Kassad – London Orbital (Hypnotic Dirge)Wednesday, 1st January 2020
Back in 2017, Kassad impressed with Faces Turn Away, an album that made for an interesting merger between more corrosive black metal elements and the gloom of modern urban life. The same theme is applied to the band’s latest outing, London Orbital, though some of the more corrosive elements from the last album have been removed. Despite that, it’s a fluid album that sets itself apart from others in the post-black realm.
There’s still plenty of black metal-inspired moments on London Orbital, but they aren’t as venomous as something like “Madness” on their debut. Instead, these blackened elements have more succinctly fused with their ability to generate large amounts of anguish and despair – as per the buzzing guitars of opener “The Boundary.” Some of the industrial/electronic elements still remain as well, which feel quite fitting to the band’s urban theme and setting (see “The Hopeless”). There’s something almost Katatonia-like about the gloom that the band sows throughout the album, and this separates them from a number of the ‘post’ that have that similar vibe (see “The Concrete”). This melancholic and miserable tone seems to culminate on “The Hollow,” where it feels like the last shreds of hope are beginning to fade like the sun – it’s a crushing feeling, and one that not a large number of bands can really convey – something that does benefit from listening to the album from start to finish in one go (it’s only 38-minutes).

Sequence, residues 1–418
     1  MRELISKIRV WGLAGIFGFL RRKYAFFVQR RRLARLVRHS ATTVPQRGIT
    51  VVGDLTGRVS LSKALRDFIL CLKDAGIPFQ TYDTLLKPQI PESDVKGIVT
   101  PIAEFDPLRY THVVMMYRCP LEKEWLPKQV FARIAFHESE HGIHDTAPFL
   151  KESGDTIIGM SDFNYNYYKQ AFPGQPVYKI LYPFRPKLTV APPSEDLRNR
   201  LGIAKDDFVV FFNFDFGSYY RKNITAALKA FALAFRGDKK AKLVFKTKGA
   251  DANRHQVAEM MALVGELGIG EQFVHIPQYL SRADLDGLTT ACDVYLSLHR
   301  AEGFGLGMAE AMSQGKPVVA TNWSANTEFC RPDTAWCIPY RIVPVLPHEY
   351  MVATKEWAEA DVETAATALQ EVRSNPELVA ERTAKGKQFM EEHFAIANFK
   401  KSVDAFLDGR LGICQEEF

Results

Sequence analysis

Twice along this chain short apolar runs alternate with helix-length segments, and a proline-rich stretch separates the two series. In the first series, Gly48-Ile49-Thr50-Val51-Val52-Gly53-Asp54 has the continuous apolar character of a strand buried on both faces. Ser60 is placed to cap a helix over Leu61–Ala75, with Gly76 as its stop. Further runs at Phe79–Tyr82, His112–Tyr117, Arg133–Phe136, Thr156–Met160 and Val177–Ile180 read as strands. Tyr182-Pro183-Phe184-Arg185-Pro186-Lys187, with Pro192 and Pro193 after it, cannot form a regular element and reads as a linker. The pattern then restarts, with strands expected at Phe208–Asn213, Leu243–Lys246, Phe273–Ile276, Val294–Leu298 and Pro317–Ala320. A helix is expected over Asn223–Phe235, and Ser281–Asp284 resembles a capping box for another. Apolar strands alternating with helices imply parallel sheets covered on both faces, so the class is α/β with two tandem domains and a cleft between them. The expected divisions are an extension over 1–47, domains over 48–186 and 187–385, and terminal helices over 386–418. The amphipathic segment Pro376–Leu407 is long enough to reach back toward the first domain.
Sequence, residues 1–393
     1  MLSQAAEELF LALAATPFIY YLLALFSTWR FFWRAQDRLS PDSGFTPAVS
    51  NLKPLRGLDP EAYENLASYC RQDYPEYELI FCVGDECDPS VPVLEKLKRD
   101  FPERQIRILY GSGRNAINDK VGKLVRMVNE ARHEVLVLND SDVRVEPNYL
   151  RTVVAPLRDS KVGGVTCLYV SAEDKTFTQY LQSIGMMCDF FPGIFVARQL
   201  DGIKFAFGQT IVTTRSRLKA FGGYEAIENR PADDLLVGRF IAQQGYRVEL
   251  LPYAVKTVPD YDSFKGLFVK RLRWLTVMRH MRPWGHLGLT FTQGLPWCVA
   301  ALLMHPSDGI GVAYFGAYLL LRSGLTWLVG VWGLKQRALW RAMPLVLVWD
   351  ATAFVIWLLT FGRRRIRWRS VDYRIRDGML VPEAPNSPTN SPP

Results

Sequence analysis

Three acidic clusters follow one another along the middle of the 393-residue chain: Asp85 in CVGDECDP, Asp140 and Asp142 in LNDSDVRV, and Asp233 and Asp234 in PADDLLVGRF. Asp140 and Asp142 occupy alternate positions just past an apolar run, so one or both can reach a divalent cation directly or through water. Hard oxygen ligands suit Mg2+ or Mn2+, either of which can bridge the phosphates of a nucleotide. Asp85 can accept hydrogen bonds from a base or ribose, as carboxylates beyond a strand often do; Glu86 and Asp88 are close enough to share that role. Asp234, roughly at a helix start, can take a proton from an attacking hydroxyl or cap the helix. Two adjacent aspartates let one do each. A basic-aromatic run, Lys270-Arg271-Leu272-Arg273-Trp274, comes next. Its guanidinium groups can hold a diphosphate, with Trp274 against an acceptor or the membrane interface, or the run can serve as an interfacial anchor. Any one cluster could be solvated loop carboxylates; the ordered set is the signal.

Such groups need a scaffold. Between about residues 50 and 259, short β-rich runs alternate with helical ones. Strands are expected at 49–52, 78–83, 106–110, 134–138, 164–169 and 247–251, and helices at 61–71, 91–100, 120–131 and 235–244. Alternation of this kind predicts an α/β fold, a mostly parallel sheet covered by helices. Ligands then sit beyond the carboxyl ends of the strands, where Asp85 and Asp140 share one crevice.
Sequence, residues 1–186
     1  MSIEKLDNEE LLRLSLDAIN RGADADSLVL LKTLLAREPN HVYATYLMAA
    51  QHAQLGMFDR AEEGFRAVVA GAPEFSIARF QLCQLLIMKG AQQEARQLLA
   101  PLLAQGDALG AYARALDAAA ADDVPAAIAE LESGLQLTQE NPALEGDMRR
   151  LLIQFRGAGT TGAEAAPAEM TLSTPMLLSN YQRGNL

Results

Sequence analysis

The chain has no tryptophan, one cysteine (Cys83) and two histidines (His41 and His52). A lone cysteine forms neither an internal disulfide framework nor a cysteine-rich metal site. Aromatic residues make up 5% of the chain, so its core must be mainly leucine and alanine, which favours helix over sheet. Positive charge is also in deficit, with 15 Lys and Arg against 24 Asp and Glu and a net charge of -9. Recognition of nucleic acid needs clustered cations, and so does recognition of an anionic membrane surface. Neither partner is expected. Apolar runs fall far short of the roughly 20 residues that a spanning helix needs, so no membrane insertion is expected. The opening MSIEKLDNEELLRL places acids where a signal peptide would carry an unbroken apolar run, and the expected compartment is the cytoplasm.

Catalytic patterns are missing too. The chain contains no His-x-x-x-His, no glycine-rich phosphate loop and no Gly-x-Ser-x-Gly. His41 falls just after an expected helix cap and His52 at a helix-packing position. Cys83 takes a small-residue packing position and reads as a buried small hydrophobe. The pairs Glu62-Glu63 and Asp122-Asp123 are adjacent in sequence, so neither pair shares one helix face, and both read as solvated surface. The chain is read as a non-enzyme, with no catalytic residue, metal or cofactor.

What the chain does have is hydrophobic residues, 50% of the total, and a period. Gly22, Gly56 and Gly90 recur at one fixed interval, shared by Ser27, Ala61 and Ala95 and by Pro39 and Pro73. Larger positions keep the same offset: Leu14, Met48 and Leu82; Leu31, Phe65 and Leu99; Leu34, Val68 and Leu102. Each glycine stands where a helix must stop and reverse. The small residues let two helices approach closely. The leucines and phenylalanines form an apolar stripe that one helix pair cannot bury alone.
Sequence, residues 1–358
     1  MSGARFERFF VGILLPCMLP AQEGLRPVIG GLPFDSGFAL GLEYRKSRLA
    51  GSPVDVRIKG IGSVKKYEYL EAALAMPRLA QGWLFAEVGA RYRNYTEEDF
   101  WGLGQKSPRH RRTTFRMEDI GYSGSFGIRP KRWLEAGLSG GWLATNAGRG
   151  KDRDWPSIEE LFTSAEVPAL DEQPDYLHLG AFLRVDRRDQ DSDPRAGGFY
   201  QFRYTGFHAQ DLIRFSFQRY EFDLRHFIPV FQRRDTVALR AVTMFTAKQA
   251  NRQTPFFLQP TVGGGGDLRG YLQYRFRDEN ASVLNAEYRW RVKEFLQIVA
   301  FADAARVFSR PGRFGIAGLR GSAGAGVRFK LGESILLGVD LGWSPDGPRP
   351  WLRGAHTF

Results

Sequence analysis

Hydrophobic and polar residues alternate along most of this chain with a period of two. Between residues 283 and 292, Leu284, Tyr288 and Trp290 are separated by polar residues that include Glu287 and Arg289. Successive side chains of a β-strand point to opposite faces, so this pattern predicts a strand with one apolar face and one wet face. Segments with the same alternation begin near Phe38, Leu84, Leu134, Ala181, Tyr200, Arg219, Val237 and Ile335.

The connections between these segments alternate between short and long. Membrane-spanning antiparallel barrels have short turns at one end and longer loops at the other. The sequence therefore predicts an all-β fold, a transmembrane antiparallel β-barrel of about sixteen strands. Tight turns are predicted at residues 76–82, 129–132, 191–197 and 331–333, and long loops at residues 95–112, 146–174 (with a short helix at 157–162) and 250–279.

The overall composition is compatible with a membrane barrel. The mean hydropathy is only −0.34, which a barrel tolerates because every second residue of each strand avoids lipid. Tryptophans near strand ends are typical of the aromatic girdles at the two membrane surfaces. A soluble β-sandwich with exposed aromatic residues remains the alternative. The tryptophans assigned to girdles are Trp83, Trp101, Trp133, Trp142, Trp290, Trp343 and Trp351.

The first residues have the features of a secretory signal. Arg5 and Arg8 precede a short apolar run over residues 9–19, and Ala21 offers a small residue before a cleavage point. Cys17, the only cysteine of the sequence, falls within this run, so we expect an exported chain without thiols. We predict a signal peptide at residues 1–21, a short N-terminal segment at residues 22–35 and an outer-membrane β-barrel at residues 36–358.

The bleak darkness that radiates from London Orbital is one that fully submerses you. It’s not a happy album, and nor does it need to be. Instead, it fuels a sense of longing and misery that feels unnerving and still somehow, enjoyable. Kassad have found their niche with ‘urban black metal,’ and it offers the listener a glimpse into unflinching sorrow.